Some 480 miles away, deep in the forests of Ménerbes in Provence, the hotelier-tastemaker par excellence Jocelyne Sibuet has struck a similar idea. La Bastide de Marie, the 14-room boutique hotel that she opened in 2000, will for the second year running open throughout Christmas and New Year, allowing guests – many of whom are longtime Sibuet supporters and repeat bookers – to immerse in a Luberon that’s light years away aesthetically and experientially from the languid, cicada-chorus days of high summer. “Winter here is magical,” she says. “It’s authentic and generous in a totally different way to summer. The colours are outstanding, for one thing, but it is the festive traditions that mark this period out as unique.” As in Tuscany, it is also prime truffle season; for her guests, Sibuet, like the team at Castiglion del Bosco, has enlisted a cohort of seasoned local truffle hunters, with chefs on deck back at the inn to magic the spoils of their efforts into rib-sticking suppers, one of which will culminate in the preparation and serving of the traditional 13 Christmas Provençal desserts, featuring figs, almonds, black and white nougat, quince paste, dried and candied fruits, and – unexpectedly but deliciously – sweet focaccia. She has also parlayed her own local expertise in the rich Christmas market traditions, parades and nativity scenes into immersive guest experiences, and will dispatch them with a series of chefs and guides to the best of these, including the famous antiques market at L’Isle-sur-la-Sorgue and Avignon’s lit-by-a-thousand-candles spectacle.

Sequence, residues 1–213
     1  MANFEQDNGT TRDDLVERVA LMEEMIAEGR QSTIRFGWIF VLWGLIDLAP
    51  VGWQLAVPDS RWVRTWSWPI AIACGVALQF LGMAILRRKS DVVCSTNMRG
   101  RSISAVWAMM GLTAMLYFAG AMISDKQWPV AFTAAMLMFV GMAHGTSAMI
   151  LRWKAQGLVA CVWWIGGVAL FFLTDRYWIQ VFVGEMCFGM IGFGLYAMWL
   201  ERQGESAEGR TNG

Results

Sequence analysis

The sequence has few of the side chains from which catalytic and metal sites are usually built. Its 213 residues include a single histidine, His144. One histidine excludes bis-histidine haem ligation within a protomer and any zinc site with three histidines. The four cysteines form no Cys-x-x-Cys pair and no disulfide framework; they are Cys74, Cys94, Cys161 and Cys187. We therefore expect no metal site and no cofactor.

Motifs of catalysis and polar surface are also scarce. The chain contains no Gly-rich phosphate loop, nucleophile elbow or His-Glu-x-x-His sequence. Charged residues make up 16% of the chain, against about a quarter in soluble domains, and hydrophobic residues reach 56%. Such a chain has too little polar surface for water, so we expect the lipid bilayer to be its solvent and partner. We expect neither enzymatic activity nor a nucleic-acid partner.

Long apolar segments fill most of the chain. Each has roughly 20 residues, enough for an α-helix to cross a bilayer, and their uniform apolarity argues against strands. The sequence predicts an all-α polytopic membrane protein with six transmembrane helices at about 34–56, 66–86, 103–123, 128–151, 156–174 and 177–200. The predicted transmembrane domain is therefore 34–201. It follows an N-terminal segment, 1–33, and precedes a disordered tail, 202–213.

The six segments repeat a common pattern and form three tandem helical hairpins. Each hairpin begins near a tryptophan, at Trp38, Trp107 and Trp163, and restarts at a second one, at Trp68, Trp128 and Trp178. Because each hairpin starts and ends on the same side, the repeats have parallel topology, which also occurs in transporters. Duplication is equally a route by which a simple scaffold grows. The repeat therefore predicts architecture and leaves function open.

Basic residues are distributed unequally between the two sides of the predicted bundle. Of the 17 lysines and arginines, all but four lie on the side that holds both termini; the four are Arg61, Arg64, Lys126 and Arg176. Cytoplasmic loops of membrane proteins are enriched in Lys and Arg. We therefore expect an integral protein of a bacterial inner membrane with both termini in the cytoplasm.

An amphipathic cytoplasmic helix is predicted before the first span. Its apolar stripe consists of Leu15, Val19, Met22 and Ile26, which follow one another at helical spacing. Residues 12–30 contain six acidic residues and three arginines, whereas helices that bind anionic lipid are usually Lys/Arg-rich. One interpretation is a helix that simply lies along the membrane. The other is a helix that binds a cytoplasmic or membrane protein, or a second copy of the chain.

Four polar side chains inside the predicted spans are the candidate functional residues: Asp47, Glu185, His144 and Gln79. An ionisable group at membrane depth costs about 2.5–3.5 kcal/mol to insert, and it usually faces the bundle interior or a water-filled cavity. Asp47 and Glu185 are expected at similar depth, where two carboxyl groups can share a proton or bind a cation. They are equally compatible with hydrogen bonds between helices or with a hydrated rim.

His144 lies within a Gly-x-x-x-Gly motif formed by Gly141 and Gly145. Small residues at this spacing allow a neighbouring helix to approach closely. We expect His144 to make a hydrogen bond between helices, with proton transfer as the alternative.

The summer siren call of Sicily’s baroque east coast is a famously powerful one, from the Greek-Roman amphitheatre and sorbet-coloured charms of Taormina to the white-stone lanes of ancient Ortigia and wide beaches of the Vendicari nature reserve. What fewer people know is that some of the island’s loveliest moments unfold in the depths of winter. In December and January the acres of citrus trees between Mount Etna and the Ionian Sea are heavy with vibrant orange and yellow fruit; the skies are van Ruisdael masterpieces of fast-mutating cloud, as rains give way to surprisingly temperate sunshine. And Sicilian Christmas traditions, as any student of culture and culinary history knows, faithfully (and deliciously) reflect the island’s palimpsest history of Greek, Arab and European dominion. Huw and Rossella Beaugié, the team behind The Thinking Traveller, the portfolio of top-flight catered villas, farmhouses and palaces across the island, have for some years now actively marketed a small selection of their best properties during December and January, with local chefs, family recipes, tastings of boutique Etna wines, concerts and festivals. This year the list expands to 28; and the season-specific accoutrements and services range from traditional nativity scenes and Christmas trees assembled in-villa, to private choral and concert performances and Opera dei Pupi, the traditional holiday puppet theatre. At the 12-bedroom, 12-bathroom Don Arcangelo all’Olmo, set on a bluff overlooking the sea just north of Catania, holiday-season guests can enjoy all of the above, along with a Christmas menu developed by the aristocratic owners’ old monzù – the chefs who specialised in the fine French-inspired cuisine (the term is a corruption of monsieur) typical of the Neapolitan and Sicilian aristocratic households of the 18th and 19th centuries – whose pièce de résistance is a turkey brined and braised in local Marsala wine, with vegetables in agrumi [citrus fruit].